At Middlesex, at the user day that we launched a version 2.7 which had a range of features. We also launched Analytics, which is a reporting engine that sits inside and monitors and looks at all the data and all the launches. And all the information that is captured inside apps anywhere. So that's really to enable you to get well, more return on investment from all the work that you're doing. And then today we're also going to share with you 2.8 and the features that we've been added to that. And we'll share some of the things that we've got planned for next year as we go through.
In terms of next year, we've got some really ambitious plans to grow. So just to give you an idea, over the last three years we added the same number of customers. So we have to support and develop for the same numbers customers as we worked within the first seven years. So we've kind of doubled the number of people we have to support and develop for. And we also need to find a better way to support and work with those people. Because well, they are all over the world. So it presents challenges to us and we've got some ambitious plans. There's some things that we're bringing into the product to enable you guys to have more choice about how the product works and how you stay up to date.
We want to maintain our satisfaction level, so we have a 98% net promoter score. Which is classed as world-class. But we want to maintain that. And the big challenge that we have and we're focusing on, is also ensuring that we don't lose too much of our identity. So as we grow we try and stay kind of software too and people represent our values and our philosophy and don't take themselves too seriously. We don't want to become another Microsoft or Citrix or a kind of faceless technology company.
So these superhero icons are where we've got open head counts. So people that we're looking to employ next year. We've also got some ambitious plans as I mentioned around the technology, around what our new delivery methods are coming out to the market. And making sure that we support and work with those about some of the integrations that we're going to tell you about today. And it's all higher education focus. So as I said earlier, everything that we're doing now, all the development is about getting more value, more features. More things that make hopefully your lives easier as a user of the product.
Okay. And just, before I finish, sorry, I'm going to embarrass you. But we love this video. And we think Michael, you produced so many cool videos about how you use apps anywhere. So we just thought we'd share this. If the sound works, I'll be amazed. But let's see. So this is Michael in his, is it a Land Rover? Looks like a Land Rover. He's in the middle of nowhere. And he's decided he wants to open a document or launch an app. So he's going to go into his car. And Apps Anywhere is here working from the dashboard of his a Land Rover. Is it connected to the internet? It must be yeah. So connected to the internet and launching apps from within is Land Rover. It's just proving that he is in the middle of nowhere. He's not cheating. But yeah, I suppose the challenge is if anyone can come up with a more innovative way of using Apps Anywhere, then we'd love to see it. We were amazed by this.
Okay, cool. It's on our website as well. And thanks Michael you're always kind of pushing the boundaries of what is sensible use at least. Okay, great. That's me. If anyone's got any questions or anything, wants to know anything about AppsAnywhere, or any of our plans, then please feel free to talk to me.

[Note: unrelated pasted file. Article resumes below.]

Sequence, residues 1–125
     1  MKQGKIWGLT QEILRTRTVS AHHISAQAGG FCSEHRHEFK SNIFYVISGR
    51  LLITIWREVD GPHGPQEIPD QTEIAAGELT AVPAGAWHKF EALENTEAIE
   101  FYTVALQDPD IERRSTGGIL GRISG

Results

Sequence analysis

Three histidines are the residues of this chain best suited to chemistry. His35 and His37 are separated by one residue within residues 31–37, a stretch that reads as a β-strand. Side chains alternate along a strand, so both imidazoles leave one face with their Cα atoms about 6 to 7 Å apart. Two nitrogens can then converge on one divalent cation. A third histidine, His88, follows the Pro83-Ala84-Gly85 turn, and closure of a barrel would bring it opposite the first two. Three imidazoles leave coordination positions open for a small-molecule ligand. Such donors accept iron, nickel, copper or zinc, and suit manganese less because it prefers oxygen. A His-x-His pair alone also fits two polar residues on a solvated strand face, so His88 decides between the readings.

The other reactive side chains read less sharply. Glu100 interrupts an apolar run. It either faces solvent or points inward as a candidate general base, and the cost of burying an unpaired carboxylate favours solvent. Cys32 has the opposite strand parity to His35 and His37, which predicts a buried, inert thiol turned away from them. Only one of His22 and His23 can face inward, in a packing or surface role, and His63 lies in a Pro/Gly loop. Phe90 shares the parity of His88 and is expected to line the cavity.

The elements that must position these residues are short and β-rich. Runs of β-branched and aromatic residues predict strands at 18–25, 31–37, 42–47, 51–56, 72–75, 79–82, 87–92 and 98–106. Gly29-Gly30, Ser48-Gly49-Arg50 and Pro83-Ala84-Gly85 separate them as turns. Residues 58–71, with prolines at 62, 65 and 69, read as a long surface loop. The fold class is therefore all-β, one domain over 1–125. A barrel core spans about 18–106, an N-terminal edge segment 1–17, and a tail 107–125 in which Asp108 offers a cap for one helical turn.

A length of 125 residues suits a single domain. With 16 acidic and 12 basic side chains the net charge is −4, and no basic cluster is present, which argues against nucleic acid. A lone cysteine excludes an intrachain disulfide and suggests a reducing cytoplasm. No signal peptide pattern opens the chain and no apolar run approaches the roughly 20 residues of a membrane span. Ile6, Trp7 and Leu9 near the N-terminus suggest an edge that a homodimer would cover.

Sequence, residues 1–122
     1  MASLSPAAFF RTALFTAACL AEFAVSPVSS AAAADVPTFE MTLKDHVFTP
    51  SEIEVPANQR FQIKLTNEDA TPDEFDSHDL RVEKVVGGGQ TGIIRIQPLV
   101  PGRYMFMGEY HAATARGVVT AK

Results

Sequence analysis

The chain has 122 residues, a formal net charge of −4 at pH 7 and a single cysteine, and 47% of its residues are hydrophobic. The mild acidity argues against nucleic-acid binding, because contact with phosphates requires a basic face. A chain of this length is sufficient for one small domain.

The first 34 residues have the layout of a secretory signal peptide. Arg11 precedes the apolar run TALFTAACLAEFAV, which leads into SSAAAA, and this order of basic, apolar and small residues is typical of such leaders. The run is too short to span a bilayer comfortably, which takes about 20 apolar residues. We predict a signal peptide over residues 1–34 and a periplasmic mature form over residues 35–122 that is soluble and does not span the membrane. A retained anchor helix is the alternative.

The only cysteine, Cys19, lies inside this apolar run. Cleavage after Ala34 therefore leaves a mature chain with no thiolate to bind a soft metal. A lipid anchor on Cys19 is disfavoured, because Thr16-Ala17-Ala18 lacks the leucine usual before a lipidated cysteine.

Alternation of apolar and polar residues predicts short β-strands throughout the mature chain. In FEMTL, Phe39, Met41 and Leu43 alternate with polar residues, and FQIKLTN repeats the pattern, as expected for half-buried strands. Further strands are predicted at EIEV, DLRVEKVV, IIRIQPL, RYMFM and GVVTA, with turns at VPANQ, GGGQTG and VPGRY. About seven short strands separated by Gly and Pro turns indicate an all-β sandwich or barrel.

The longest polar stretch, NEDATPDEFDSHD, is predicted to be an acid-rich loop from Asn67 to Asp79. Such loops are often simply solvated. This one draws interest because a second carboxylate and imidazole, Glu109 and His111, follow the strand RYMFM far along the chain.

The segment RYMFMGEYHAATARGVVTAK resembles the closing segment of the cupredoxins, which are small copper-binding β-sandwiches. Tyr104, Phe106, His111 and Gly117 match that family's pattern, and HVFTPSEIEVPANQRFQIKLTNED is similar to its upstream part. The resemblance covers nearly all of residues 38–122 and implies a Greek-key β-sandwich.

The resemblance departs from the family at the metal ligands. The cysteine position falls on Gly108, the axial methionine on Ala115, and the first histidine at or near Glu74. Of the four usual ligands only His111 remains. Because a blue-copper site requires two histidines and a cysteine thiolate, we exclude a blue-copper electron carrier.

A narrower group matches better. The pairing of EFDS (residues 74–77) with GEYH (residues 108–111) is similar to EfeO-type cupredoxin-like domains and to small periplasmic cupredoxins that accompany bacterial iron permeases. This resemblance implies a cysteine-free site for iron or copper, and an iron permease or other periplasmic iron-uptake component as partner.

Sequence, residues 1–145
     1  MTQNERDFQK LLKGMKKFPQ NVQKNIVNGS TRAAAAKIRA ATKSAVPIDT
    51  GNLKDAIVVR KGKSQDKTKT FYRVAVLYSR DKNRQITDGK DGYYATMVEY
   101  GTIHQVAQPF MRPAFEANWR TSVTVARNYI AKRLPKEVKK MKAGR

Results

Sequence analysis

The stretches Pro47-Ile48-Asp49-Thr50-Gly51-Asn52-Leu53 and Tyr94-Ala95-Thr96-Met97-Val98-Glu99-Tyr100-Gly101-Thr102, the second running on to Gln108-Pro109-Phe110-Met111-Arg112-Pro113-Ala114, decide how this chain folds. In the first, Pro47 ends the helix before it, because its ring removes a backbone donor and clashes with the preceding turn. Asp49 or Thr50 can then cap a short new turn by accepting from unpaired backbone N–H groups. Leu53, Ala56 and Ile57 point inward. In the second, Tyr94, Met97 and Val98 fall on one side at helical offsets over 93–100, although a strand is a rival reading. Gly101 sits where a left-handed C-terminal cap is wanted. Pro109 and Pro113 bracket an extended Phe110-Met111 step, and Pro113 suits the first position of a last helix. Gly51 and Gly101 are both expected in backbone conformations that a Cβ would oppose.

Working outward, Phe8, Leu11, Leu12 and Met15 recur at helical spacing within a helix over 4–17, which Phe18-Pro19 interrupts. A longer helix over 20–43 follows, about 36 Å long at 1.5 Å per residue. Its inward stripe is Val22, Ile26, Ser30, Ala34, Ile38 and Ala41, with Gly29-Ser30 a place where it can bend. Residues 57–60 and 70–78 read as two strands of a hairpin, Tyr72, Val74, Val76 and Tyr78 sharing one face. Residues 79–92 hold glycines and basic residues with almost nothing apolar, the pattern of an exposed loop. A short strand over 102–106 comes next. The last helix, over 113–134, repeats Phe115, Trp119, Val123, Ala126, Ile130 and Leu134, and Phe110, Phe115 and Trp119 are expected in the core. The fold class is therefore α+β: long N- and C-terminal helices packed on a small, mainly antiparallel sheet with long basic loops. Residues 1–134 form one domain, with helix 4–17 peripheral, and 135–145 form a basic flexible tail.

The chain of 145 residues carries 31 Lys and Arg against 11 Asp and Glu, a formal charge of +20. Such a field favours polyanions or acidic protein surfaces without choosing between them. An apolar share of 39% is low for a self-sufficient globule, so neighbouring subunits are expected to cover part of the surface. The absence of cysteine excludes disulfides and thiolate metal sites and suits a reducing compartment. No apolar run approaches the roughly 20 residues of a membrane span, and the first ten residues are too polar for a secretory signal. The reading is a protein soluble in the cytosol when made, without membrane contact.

Hello everyone. So, my name's David Pentland, and I am a client services team manager here at Napier University in the information services group. I just thought I'd give you a very brief summary as to how we've got from where we were to where we are, and then introduce you to Clem is going to tell us a bit more about what we've done with AppsAnywhere here.
So, when I started here many, many years ago, this was the sort of PC that we had in the university, no hard disk, no networking, and basically the only way to get your operating system and your applications on there was via floppy disk, which you put in, switch the machine on, and it loaded them. So, you'd have to do that every single time. It worked. There weren't very many of them around, and we had very few applications, to tell you the truth, and the applications were so small you could load them at that time reasonably quickly. But that was the way it was.
Then moving on into the 1990s, we got hard disks in the machines, still not networked, so we would still have to go around every machine, load the operating system on and the applications on. Though this time, three and a half inch disk were not so floppy anymore, but they're still there. But anything that needed to change, you'd have to go around every machine and redo it all over again. It worked, but upgrades and changes were not easy at all.
Then the system here, where the operating system and the applications could be loaded over the network, so we had networking now and we had hard disks. So, a server could be built up with a bunch of files on there, which was basically Windows 3.11. When you switch the machine on, they'd all get downloaded fresh every time, so any applications could be put down as well. Again, the applications weren't totally big, weren't very many of them, and the operating system was fairly small. So, that was quite a good way of actually making sure that all the machines were completely set up and were working every morning when they got switched on, and if there was any problems with the machine, you can simply switch it on again and you'd get a fresh copy of everything down.